D2 log 043 – Road signs

Another small task done: road signs. I went looking online for good textures or vector shapes of US road signs and found a great resource here. Picked a few that I liked and put them on 3D models. I had to do the rounded corners and UV maps for each sign separately to match the curves precisely. Not that anybody will ever notice at this scale. It’s just something that had to be done. Quite a tedious process, but good for podcast listening.

App Store Review

I just got charged 0.30£ by Niantic, the publisher of Pokemon Go, to verify my age during the user registration process. The payment was initiated from the iOS app and done through a web form. No IAP.

Now I can only hope Niantic doesn’t charge me for something my kids do in the game.

This is exactly the kind of thing I fully expect Apple to protect me from.

Yes, AppStore Reviews Should be Stricter.

D2 log 042 – Icon

I made the first draft of an application icon for the game. A small but rewarding task which got me the following:

  1. Some idea about the icon itself
  2. Blender export pipeline
  3. Script that scales the icon into all required dimensions & writes icon metadata

Now I can tweak the model & lighting (as one does), push a button and get a fresh set of app icons for each platform.

Icons for my other games:

D2 log 041 – Logo animation

The logo animation is a rather small feature and it’s been a while since I put it in, but I still love it when I see it.

It’s designed to resemble a gun being reloaded – a clip goes in and one bullet is loaded into the chamber. Based on AK47.

I’m glad I took the time to do it early on. Devastro 2 code is derived from Superforce so it was important to make a clear step away.

 

D2 log 040 – Saucers

Adding more variety and detail to the saucers. Finally.


The original Devastro had only one type of saucer. Granted, it came in two colors, but it was the same shape. It was based on a photo of a physical object (something from the kitchen I think).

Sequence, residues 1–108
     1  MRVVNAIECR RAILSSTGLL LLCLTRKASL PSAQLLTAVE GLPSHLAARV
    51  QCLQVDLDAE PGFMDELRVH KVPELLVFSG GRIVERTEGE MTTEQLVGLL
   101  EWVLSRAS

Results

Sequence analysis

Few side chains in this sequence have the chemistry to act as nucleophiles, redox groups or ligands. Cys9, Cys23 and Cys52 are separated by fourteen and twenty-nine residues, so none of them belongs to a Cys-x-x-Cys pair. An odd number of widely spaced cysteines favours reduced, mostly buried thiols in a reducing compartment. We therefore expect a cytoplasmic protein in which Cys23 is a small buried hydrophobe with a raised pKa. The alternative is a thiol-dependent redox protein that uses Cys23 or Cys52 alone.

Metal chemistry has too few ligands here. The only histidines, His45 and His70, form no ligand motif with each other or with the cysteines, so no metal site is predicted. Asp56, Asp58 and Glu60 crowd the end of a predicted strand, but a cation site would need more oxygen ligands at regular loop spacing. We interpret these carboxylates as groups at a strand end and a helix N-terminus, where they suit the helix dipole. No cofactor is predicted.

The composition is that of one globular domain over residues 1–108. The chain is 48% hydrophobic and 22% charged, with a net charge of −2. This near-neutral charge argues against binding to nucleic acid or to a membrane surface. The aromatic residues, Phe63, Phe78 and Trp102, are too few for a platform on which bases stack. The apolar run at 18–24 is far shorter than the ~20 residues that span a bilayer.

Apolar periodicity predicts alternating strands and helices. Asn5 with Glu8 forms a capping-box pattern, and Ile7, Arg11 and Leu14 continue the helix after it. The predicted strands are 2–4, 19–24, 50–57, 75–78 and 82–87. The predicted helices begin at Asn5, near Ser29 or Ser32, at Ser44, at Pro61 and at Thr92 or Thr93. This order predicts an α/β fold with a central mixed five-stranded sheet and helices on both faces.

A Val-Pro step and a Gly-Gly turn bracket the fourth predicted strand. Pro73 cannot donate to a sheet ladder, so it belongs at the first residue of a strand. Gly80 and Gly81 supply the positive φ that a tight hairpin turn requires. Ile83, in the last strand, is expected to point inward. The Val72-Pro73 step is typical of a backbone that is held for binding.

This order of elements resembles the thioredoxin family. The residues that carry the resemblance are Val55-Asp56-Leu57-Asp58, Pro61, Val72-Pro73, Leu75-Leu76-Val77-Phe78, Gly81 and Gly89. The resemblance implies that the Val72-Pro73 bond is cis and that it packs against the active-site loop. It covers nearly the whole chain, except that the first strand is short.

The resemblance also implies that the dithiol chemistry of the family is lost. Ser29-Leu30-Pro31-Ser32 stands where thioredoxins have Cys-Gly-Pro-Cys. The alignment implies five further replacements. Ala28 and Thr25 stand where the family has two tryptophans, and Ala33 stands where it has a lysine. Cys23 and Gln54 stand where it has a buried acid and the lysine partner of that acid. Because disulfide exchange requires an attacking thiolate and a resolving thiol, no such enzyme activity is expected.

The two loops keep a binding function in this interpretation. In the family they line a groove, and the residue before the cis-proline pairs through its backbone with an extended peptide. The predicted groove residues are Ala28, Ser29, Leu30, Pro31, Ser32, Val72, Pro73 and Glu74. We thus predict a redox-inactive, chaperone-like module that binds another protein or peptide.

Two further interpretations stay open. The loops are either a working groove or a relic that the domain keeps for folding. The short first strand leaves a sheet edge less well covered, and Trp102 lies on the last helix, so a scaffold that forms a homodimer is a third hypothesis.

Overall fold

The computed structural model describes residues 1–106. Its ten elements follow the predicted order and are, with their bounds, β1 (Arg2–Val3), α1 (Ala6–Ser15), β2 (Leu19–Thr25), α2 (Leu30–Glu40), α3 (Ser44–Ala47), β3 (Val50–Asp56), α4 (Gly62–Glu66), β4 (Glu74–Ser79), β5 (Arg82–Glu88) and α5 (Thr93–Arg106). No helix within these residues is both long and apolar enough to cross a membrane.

For Type Raiders, I made several different 2D silhouettes in Adobe Illustrator, processed the .ai files with Python to turn them into 3D meshes and then rendered those using a Java-based renderer called Sunflow. That worked quite well, thankfully.


Now I’m using Blender for everything. Making the silhouettes, generating 3D meshes and rendering. I use PBR materials to give the saucers a scratched, banged up look.

Saucers

It’s work in progress but I’m already quite happy with these.

The new Blender “cloth brush” tool was handy for making realistic looking, sloppily rolled out rugs. They too, as the saucers, look a bit used. God knows what liquids have been spilled on them throughout the universe…

♫ Turn every invasion
into a special occasion…
…with rugs!

Carpets

So let’s take one more look at the entire saucer lineup:

Saucers

Oh look, a Fisher Price™ Saucer! Not 100% sure what to do with it yet but it’s going in. I can

  1. treat it as a regular saucer
  2. use it for the “final boss” battle
  3. hide it somewhere as an easter egg

D2 log 039 – Collision shapes, pt.2

My custom shape editor has been a great tool for making Box2D collision meshes. Except I never used it. It was WAY too much work. I just kept putting it off, telling myself that the default boxes would be fine “for now”.

So I ditched it (all 400 lines of it) and decided to use some more Blender scripting to simplify my workflow.

I extended my export script to look for a mesh named “Collision” attached to each object. If found, it reads its vertex coordinates (x,y) and writes them into a file.

Took a while to match the camera transform correctly but now I can edit all the shapes directly in Blender!

Collision shape in Blender Collision shape in game

Homebrew

Keeping track of installed applications on multiple computers is a hassle.



Homebrew had been great for installing command line tools and libraries on macOS. Using Chocolatey on my Windows machine inspired me to take things a step further and try the “cask” subcommand for installing desktop Mac apps as well.

brew cask install firefox blender handbrake vlc

Works great. It’s now really easy to keep all the apps updated. Setup on a new computer is very quick. I also found that Tiny Player for Mac already had an entry in Homebrew:

brew cask install tiny-player

Thanks to whoever added it.

D2 log 037 – Windows

Devastro 2 now runs on Windows.

There were many issues I had to deal with, compared with Mac and Linux. Clang, CMake, Visual Studio, MinGW, the linker… It seems that a project using C++17, OpenGL and SDL is not exactly on the “happy path” for Windows development in 2020. But what is, anyway?

The game is up and running now. IMGUI is disabled because of some OpenGL compatibility problems. Not sure if this is worth fixing – all the editing is done on a Mac.

Would Sokol help? Will try for next project.